“Muad’Dib learned rapidly because his first training was in how to learn. And the first lesson of all was the basic trust that he could learn. It’s shocking to find how many people do not believe they can learn, and how many more believe learning to be difficult.”
Frank Herbert, Dune
When your character wants to train, either gaining a new expertise or improving an established skill, talk to the Referee about the people who offer such training.
Then the Referee will tell you 1 to 4 of the following:
[ ] It is going to take X weeks/months/years of consistent training
[ ] First, you will have to hire a tutor through [an in-game faction]
[ ] You will need X to help you with it.
[ ] It is going to cost dearly.
[ ] There is ancient tech that is said to condition the brain in this manner.
[ ] You’re already the best in the sub-sector; you’ll have to venture deep into the void or take on a massive under-taking in order to improve.
[ ] It is illegal to train the brain in such a manner; you will be risking imprisonment, excommunication or worse.
[ ] Those who safeguard these training methods are rigid in their orthodoxy and will guard them dearly but there are always rebels and heretics at the fringe of the worlds…
Once your training is complete you can add the skill to your sheet or increase the skill you already have. The Referee will tell you what you will need to do to keep this skill sharp so that this expertise does not become covered in rust and decay.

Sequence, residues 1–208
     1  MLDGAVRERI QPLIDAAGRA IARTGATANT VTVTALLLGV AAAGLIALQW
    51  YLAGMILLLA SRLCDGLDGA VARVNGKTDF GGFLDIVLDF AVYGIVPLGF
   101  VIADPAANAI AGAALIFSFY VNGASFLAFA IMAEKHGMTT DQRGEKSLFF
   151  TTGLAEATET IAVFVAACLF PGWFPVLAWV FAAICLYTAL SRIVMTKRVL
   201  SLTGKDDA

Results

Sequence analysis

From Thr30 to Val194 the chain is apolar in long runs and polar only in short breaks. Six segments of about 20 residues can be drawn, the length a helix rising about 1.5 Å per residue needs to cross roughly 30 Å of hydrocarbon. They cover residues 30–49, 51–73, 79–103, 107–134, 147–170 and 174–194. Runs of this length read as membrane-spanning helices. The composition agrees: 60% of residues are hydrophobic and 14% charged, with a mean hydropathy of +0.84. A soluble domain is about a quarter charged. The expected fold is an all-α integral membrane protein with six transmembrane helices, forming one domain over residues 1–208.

But, Judd, you ask, what about stats?

I like that we’re saying that the limits of the human body aren’t interesting to us. What you use to change the world is your training and in order to gain training you have to go out and interact with the world.

What about non-basic moves?

Non-basic moves are all tech. Maybe the True Sword, a networked blade with an embedded AI, gives you a move like the Gunlugger’s Not to be Fucked With, where you fight as a gang. Certain drugs give you access to psychic powers.

A True Sword and a cool way to show the end of the blog post

Can you get a mask with this on it?

Yes, you can. LINK

Moons of Leviathan, Session 1, Remembering Morgan

That game was special and strange. Thank you, Sean and the Actual Play team. Thank you to everyone in chat.

Thank you, Morgan, for the cool character and cool everything. Thank you for continuing to inspire us.

Ithaca Station’s True Sword

That is exactly what we did, Morgan. There was a duel out on the ship’s hull, in the void of space under the baleful glare of the Leviathan’s eye.